Published on in CHOP News
Adolescent drivers with attention-deficit hyperactivity disorder (ADHD) have a 36 percent higher crash risk than other newly licensed teens. Although elevated, this risk is far lower than previous reports of being four times higher. This is the first large-scale study to provide detailed information on crash risk of adolescents with ADHD compared to other newly licensed young drivers.
The study appears today in JAMA Pediatrics.
Researchers from Children’s Hospital of Philadelphia(CHOP) conducted a unique linkage of more than 18,500 electronic health records (EHR) of children born from 1987 through 1997 and New Jersey driver licensing and crash data to determine the associations between ADHD, licensure, and crash involvement. Of the 18,500 records, nearly 2,500 patients were diagnosed with ADHD. Researchers also examined whether these associations varied by factors such as gender and licensing age and found crash risk persists during the initial driving years, regardless of gender or age when licensed.
“Our results indicate that newly licensed adolescents with ADHD have a greater risk of crashing than other young drivers, but that this is a manageable risk,” says the study’s principal investigator Allison E. Curry, PhD, MPH, a senior scientist at the Center for Injury Research and Prevention (CIRP) at CHOP. “Our findings point to the need to develop evidence-based training and education for adolescents with ADHD who want to drive.”
Recent studies have emphasized the potential importance of medication in reducing crash risk for individuals with ADHD. However, based on EHR data, CHOP researchers found only 12 percent of the drivers with ADHD were prescribed medication in the 30 days before getting licensed.
“We were surprised to find so few drivers in the study with an active prescription from CHOP doctors for an ADHD medication,” says the study co-author Thomas J. Power, PhD, ABPP, director of the Center for Management of ADHD at CHOP. “Although research indicates that medication likely reduces crash risk, the treatment can only be effective if teens are using it when driving.”
Adolescents with ADHD may have characteristics that place them at a higher risk for unsafe driving behaviors, such as inattention, distractibility, impulsivity, and emotional regulation difficulties. Researchers say their findings point to the need for further research to help understand how ADHD affects teens’ crash risk. With this knowledge, tailored clinical, educational, and training programs can then be developed to manage that risk.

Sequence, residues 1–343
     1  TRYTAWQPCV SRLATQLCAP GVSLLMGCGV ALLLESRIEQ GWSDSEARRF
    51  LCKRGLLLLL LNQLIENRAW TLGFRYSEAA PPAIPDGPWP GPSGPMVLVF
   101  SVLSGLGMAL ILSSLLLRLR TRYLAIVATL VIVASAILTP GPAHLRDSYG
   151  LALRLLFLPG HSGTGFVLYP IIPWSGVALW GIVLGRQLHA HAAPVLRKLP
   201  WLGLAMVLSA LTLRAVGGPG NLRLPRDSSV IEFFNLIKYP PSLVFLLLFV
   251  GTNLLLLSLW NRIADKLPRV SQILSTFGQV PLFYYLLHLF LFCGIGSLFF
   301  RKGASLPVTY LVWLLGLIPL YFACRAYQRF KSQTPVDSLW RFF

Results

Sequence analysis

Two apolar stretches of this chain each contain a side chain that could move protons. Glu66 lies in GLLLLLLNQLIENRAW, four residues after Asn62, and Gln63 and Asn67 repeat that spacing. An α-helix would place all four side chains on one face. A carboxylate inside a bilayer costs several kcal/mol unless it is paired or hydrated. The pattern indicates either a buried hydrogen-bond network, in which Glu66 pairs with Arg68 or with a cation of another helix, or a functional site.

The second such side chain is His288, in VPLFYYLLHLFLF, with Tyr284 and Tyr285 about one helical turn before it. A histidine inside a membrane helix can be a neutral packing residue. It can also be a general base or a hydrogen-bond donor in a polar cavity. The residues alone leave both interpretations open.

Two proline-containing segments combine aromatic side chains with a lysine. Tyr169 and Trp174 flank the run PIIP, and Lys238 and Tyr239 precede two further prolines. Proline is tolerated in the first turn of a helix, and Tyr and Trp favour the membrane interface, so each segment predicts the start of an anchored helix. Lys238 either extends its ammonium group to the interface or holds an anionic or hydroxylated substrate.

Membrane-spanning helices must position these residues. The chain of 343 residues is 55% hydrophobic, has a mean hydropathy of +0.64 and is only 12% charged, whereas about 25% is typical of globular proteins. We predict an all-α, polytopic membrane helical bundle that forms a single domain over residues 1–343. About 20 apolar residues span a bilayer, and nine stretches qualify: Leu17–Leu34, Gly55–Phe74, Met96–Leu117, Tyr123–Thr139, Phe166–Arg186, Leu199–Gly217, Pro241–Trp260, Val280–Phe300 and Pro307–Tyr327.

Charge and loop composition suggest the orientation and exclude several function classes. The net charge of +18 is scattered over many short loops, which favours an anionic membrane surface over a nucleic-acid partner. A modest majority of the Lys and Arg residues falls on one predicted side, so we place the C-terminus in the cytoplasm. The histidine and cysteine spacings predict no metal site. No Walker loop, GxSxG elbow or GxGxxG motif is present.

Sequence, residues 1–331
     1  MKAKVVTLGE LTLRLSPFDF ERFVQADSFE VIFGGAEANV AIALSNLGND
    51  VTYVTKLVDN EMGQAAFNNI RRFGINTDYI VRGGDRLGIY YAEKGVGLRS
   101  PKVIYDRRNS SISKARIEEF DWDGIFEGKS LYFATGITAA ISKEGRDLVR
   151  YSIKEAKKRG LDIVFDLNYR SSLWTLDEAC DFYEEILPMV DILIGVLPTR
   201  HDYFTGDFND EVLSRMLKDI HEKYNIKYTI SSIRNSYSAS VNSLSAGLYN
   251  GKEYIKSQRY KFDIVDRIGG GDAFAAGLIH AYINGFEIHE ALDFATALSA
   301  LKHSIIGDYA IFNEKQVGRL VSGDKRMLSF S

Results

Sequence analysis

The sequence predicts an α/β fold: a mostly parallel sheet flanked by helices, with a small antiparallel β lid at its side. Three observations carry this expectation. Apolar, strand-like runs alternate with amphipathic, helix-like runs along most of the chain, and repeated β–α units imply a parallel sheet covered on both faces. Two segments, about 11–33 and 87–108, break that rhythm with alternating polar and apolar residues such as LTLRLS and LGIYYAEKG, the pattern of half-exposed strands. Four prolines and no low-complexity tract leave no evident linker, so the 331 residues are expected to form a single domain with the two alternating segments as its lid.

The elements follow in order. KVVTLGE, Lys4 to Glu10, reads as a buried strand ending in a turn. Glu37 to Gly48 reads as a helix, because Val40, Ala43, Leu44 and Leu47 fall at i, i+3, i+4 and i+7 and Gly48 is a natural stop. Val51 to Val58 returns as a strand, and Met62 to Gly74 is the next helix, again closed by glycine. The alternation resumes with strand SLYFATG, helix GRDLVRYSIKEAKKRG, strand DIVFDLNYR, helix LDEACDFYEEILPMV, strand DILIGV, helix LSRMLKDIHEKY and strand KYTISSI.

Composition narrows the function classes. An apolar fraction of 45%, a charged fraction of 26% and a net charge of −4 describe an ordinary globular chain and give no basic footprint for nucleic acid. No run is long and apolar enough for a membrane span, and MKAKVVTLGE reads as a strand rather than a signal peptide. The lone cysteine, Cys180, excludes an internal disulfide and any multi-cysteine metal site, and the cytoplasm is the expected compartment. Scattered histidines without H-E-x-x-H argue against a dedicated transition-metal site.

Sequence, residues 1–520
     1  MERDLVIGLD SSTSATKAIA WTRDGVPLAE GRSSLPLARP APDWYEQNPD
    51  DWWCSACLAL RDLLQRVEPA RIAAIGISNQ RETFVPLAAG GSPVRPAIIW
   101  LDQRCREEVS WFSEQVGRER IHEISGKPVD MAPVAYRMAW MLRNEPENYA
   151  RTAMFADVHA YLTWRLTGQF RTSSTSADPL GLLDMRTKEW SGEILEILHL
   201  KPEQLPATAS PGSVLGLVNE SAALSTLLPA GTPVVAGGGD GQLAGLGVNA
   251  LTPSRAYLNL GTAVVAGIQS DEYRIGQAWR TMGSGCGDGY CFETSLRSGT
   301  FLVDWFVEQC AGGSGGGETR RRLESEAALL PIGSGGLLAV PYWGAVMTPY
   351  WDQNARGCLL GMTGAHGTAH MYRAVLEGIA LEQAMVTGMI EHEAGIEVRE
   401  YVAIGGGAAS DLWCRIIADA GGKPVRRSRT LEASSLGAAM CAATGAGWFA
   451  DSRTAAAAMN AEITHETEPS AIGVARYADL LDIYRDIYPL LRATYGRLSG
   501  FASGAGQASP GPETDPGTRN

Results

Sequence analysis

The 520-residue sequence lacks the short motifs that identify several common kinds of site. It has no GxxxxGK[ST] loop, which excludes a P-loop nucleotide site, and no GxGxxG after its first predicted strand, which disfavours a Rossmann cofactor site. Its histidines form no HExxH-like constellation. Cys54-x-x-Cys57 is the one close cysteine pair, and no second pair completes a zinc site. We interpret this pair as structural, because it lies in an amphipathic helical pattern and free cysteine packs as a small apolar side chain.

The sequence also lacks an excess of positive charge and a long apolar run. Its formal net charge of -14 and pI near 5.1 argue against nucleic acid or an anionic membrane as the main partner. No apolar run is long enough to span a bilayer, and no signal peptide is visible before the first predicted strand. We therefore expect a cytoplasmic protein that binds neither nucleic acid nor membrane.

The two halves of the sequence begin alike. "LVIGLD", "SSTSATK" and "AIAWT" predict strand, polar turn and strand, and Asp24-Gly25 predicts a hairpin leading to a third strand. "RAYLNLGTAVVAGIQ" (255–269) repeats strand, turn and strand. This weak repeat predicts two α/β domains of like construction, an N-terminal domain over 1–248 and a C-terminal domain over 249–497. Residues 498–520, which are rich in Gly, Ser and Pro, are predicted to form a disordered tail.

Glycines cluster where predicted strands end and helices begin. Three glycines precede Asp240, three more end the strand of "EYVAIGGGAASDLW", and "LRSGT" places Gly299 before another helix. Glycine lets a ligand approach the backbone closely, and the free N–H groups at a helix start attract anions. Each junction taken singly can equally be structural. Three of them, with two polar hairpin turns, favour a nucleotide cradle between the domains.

Until then, the research team recommends that caregivers of teens with ADHD who are considering driving schedule a doctor’s appointment to address concerns, such as attention, impulse control, or communication issues. They may also want to seek the advice of a behavior therapist, an occupational therapist who specializes in driving, or a driver rehabilitation specialist who has training in working with individuals with special needs.
Dr. Curry and her colleagues, who are part of CHOP’s Teen Driver Safety Research team, are currently conducting rigorous research on adolescents with developmental disabilities. Funding for this study was provided by the Eunice Kennedy Shriver National Institute of Child Health and Human Development at the National Institutes of Health (NIH). The views and recommendations in this publication do not necessarily reflect those of the NIH.
Resources for parents and professionals to support teens with ADHD can be accessed on the Center for Management of ADHD at CHOP website and on the Association for Driver Rehabilitation Specialists website.
The Center for Injury Research and Prevention at CHOP has tools that can help guide families through the learning-to-drive process, including the TeenDrivingPlan Parent Guide, on the teendriversource.org website.
Allison E. Curry, PhD; Kristina B. Metzger, PhD; Melissa R. Pfeiffer, MPH; Michael R. Elliott, PhD; Flaura K. Winston, MD, PhD; Thomas J. Power, PhD. “Motor Vehicle Crash Risk Among Adolescents and Young Adults with ADHD,” JAMA Pediatrics. Published online June 12, 2017.
Contact: Camillia Travia, The Children’s Hospital of Philadelphia, 267-426-6251 or TRAVIAC@EMAIL.CHOP.EDU